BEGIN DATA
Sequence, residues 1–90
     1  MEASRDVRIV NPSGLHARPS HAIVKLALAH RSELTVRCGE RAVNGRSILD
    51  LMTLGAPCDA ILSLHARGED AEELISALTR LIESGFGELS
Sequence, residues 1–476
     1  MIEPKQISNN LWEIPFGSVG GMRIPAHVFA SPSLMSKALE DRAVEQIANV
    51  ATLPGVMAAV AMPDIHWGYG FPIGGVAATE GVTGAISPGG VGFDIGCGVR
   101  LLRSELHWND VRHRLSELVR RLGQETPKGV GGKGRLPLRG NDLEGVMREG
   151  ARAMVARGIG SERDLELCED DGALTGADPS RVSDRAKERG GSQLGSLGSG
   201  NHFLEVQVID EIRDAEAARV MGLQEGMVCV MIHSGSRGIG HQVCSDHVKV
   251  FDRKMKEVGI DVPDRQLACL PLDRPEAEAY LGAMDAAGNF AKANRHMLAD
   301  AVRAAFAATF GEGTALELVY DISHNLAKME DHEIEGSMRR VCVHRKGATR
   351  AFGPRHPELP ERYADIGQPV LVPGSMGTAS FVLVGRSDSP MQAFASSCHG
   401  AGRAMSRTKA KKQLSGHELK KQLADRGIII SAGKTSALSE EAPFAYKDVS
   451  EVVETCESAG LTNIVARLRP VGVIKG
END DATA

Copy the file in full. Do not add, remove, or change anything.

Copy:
Sequence, residues 1–90
     1  MEASRDVRIV NPSGLHARPS HAIVKLALAH RSELTVRCGE RAVNGRSILD
    51  LMTLGAPCDA ILSLHARGED AEELISALTR LIESGFGELS
Sequence, residues 1–476
     1  MIEPKQISNN LWEIPFGSVG GMRIPAHVFA SPSLMSKALE DRAVEQIANV
    51  ATLPGVMAAV AMPDIHWGYG FPIGGVAATE GVTGAISPGG VGFDIGCGVR
   101  LLRSELHWND VRHRLSELVR RLGQETPKGV GGKGRLPLRG NDLEGVMREG
   151  ARAMVARGIG SERDLELCED DGALTGADPS RVSDRAKERG GSQLGSLGSG
   201  NHFLEVQVID EIRDAEAARV MGLQEGMVCV MIHSGSRGIG HQVCSDHVKV
   251  FDRKMKEVGI DVPDRQLACL PLDRPEAEAY LGAMDAAGNF AKANRHMLAD
   301  AVRAAFAATF GEGTALELVY DISHNLAKME DHEIEGSMRR VCVHRKGATR
   351  AFGPRHPELP ERYADIGQPV LVPGSMGTAS FVLVGRSDSP MQAFASSCHG
   401  AGRAMSRTKA KKQLSGHELK KQLADRGIII SAGKTSALSE EAPFAYKDVS
   451  EVVETCESAG LTNIVARLRP VGVIKG